Salience-based progression of visual attention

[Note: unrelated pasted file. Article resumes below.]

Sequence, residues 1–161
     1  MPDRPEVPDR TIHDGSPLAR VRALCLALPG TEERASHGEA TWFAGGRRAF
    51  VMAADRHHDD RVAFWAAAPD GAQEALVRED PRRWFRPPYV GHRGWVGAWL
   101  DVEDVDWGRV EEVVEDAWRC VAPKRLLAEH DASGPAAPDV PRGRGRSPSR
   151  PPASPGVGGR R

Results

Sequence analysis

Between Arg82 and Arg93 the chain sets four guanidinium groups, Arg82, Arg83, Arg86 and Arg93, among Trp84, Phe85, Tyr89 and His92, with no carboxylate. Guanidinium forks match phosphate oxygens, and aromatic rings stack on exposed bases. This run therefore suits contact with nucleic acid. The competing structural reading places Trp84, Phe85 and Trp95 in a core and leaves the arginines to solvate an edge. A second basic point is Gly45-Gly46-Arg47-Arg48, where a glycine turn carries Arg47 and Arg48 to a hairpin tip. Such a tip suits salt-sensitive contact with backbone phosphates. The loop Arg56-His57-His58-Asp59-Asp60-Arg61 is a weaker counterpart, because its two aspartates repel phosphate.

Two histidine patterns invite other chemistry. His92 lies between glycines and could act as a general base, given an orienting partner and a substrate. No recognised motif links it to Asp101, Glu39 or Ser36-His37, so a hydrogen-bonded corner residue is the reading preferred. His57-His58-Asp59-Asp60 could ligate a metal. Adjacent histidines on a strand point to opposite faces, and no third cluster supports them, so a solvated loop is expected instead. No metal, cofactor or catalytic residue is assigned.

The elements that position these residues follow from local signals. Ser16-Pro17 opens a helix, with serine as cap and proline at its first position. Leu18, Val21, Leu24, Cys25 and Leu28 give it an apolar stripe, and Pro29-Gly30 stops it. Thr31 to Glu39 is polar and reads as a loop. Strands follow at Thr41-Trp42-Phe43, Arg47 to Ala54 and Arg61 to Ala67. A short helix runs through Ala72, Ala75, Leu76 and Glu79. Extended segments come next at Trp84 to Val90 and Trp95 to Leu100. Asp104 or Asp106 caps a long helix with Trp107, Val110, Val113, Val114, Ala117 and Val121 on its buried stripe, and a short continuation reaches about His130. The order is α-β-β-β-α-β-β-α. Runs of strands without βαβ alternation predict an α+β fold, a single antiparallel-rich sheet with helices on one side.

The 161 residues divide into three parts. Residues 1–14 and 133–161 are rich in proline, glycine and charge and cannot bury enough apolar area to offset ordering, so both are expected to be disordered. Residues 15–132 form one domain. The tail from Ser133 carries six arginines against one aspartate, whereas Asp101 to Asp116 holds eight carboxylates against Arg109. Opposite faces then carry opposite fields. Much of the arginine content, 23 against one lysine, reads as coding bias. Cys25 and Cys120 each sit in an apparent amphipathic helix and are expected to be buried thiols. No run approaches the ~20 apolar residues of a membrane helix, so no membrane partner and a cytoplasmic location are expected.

Cognitive and computational models assume that visual attention is directed to the most salient stimulus in a given scene, and physiological models suggest the attribution of salience might depend on the extrageniculate pathway, involving the superior colliculus and pulvinar. Empirical findings support these models. Another assumption is that attention progresses from the most to the least salient item until a target is found. We have therefore attempted to investigate whether behavioral nasal–temporal hemifield asymmetries in healthy humans are present in the salience-based progression of attention. Hemispheric asymmetries have also been investigated. Healthy volunteers were presented with brief lateralized displays containing three stimuli of unequal sizes (one target and two distractors) and asked to make a judgment regarding the target. In each new trial, each of the three stimuli was chosen randomly with equal probability of being the target. The expected salience-based progression was found in both response times and accuracy. While no temporal-nasal asymmetries were found in accuracy for displays processed by the left hemisphere, a well-marked asymmetry was found for displays processed by the right hemisphere. The progression slope was quite steep for nasal displays and nil for temporal displays. A companion experiment replicated the results, another one ruled out any sensory interpretation of the results, and a last one ruled out the possibility that the results were due to saccadic eye movements. What distinguishes the two pathways is therefore not whether or not they generate salience, but the strength of the activity that differentiates the visual input. Furthermore, the involvement of the right extrageniculate pathway in the fineness of the perceptual analysis that follows orienting of attention seems to take place independently of the salience of the attended item.